Toxins affect an astonishing variety of fundamental eukaryotic processes and thereby harm the host (Kaper, 2004) and are important virulence factors in a variety of
Well known toxins are also invasins, the Ibe proteins that help
Among the screened toxin encoding genes in the studied UPEC isolates (Table 1), the
Analysis of the distribution of toxin encoding genes among the determined phylogenetic groups of studied strains (Table 1) revealed that the tested toxin encoding genes
|107 (97)||28 (26)||5 (5)||53 (50)||21 (20)|
|54 (49)||8 (15)||1 (2)||35 (65)||10 (19)|
|37 (34)||5 (14)||1 (3)||21 (57)||10 (27)|
|14 (13)||0 (0)||0 (0)||14 (100)||0 (0)|
|26 (24)||1 (4)||0 (0)||25 (96)||0 (0)|
|2 (2)||1 (50)||0 (0)||1 (50)||0 (0)|
|28 (25)||1 (4)||0 (0)||26 (93)||1 (4)|
|25 (23)||0 (0)||0 (0)||25 (100)||0 (0)|
|10 (9)||0 (0)||0 (0)||9 (90)||1 (10)|
|48 (44)||1 (2)||0 (0)||42 (88)||5 (10)|
|46 (42)||8 (17)||0 (0)||27 (59)||11 (24)|
|51 (46)||9 (18)||0 (0)||41 (80)||1 (2)|
|22 (20)||4 (18)||0 (0)||12 (55)||6 (27)|
|84 (76)||17 (20)||3 (4)||49 (58)||15 (18)|
|K1||6 (5)||1 (17)||1 (17)||4 (67)||0 (0)|
|K5||11 (10)||2 (18)||1 (9)||8 (73)||0 (0)|
|63 (57)||20 (32)||4 (6)||29 (46)||10 (16)|
|23 (21)||0 (0)||0 (0)||23 (100)||0 (0)|
|Ampicillin||57 (52)||12 (21)||5 (9)||32 (56)||18 (32)|
|Ciprofloxacin||99 (90)||23 (23)||5 (5)||52 (53)||19 (19)|
|Chloramphenicol||50 (45)||7 (14)||3 (6)||32 (64)||8 (16)|
|Kanamycin||95 (86)||20 (21)||5 (5)||51 (54)||19 (20)|
|Mezlocillin||59 (54)||12 (20)||5 (8)||34 (58)||8 (14)|
|Nalidixic acid||64 (58)||12 (19)||3 (5)||38 (59)||11 (17)|
|Norfloxacin||99 (90)||23 (23)||5 (5)||52 (52)||19 (19)|
|Streptomycin||69 (63)||15 (22)||5 (7)||40 (60)||9 (13)|
|Sulfamethoxazole-Trimethoprim||87 (79)||18 (21)||6 (7)||49 (56)||14 (16)|
|Tetracycline||47 (43)||6 (13)||4 (9)||33 (70)||4 (9)|
|Trimethoprim||72 (65)||14 (19)||6 (8)||41 (57)||11 (15)|
|RepFIA||20 (18)||7 (35)||0 (0)||10 (50)||3 (15)|
|RepFIB||57 (52)||18 (32)||2 (4)||26 (46)||11 (19)|
|RepFIIA||24 (22)||7 (29)||0 (0)||15 (63)||2 (8)|
|Integron||34 (31)||12 (35)||1 (3)||12 (35)||9 (26)|
|42 (38)||12 (29)||3 (7)||20 (48)||7 (17)|
4.3. Iron uptake systems
Iron is an essential cofactor for many basic metabolic pathways and bacteria have developed specialized iron uptake systems to capture iron. The most prominent are the siderophores, iron-binding molecules that are taken up by special siderophore receptors and ATP-consuming porin-like transporters in the bacterial outer membrane (Schaible & Kaufmann, 2004). Siderophores can be classified into three groups: (i) the catecholate type (enterobactin, salmochelin = enterochelin), (ii) hydroxamate type (aerobactin) and (iii) a mixed type - a combination of both (yersiniabactin) (Grass, 2006; Schaible & Kaufmann, 2004). In addition to siderophore synthesis strains can use siderophores produced and released into the extracellular medium by other bacteria and even fungi. In the host, bacteria may use iron sources such as heme, hemoglobin, hemopexin, and iron bound to transferrin and lactoferrin (Braun & Braun, 2002). Apart from the siderophores and their receptors, autotransporters, virulence-associated proteins in gram-negative bacteria, can also play a role in obtaining iron for example, the hemoglobin protease Hbp (Otto et al., 2002). All autotransporter proteins are energy-independent secreted via a type 5 secretion system and possess an overall unifying structure, comprising (i) an amino-terminal leader peptide (for secretion across the inner membrane), (ii) the secreted mature protein (or passenger domain), and (iii) a dedicated C-terminal domain, which forms a pore in the outer membrane through which the passenger domain passes to the cell surface (Henderson & Nataro, 2001).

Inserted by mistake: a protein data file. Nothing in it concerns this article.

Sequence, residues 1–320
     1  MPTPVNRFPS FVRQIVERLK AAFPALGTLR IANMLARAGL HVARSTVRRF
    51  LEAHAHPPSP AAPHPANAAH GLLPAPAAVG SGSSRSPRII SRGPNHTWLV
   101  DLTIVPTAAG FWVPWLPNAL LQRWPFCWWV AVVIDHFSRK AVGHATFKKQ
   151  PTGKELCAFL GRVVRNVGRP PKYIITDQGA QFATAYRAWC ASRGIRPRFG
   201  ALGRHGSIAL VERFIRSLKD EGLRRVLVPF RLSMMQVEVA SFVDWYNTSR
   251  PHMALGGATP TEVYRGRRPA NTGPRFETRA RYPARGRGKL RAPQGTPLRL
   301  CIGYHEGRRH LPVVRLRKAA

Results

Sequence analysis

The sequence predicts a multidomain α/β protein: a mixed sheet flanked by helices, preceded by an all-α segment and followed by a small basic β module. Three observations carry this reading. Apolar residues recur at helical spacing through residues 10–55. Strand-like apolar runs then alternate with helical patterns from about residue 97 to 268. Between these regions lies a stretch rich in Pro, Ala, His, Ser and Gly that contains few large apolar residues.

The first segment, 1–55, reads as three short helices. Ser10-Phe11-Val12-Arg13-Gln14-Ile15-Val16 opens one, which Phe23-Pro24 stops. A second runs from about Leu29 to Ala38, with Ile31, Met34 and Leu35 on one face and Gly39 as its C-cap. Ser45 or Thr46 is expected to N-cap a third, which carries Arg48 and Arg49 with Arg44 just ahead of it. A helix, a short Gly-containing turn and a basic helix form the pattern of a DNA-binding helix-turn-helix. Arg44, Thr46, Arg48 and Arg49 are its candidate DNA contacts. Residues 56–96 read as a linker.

In our study the following iron uptake systems genes were investigated (Table 1):
Analysis of the distribution of iron uptake systems encoding genes among the determined phylogenetic groups of studied strains (Table 1) revealed that all of the studied iron uptake systems were mostly harboured by UPEC strains belonging to the B2 phylogenetic group, as 41 (80%) of the strains harbouring
4.4. Host immunity evading systems
Pathogenic microbes avoid host defences using a wide array of virulence factors, ranging from polysaccharide capsules, serum resistance proteins to immune system modulating agents (Kaper et al., 2004).
Capsules are the discrete structural layers of extracellular polysaccharides that envelope the cell and allow the bacteria to evade or counteract the host immune system (Roberts, 1996). Capsules protect pathogens from assaults such as opsonophagocytosis and complement-mediated killing (Roberts, 1995); and in case of acidic capsules they can act as “sponges” to sequester and neutralize antimicrobial peptides (Llobet et al., 2008). Virtually all UPEC have a K-type polysaccharide capsule. Most UPEC express Group 2 or 3 capsules on their surfaces (Goller and Seed, 2010) and the K-antigens K1, K5, K30 and K92 are the most prevalent among UPEC (Johnson, 1991).
TraT, the surface exclusion protein of the plasmid transfer system, has been implicated in increased serum resistance (Binns et al., 1979). TraT is one of the most prevalent virulence factors in pathogenic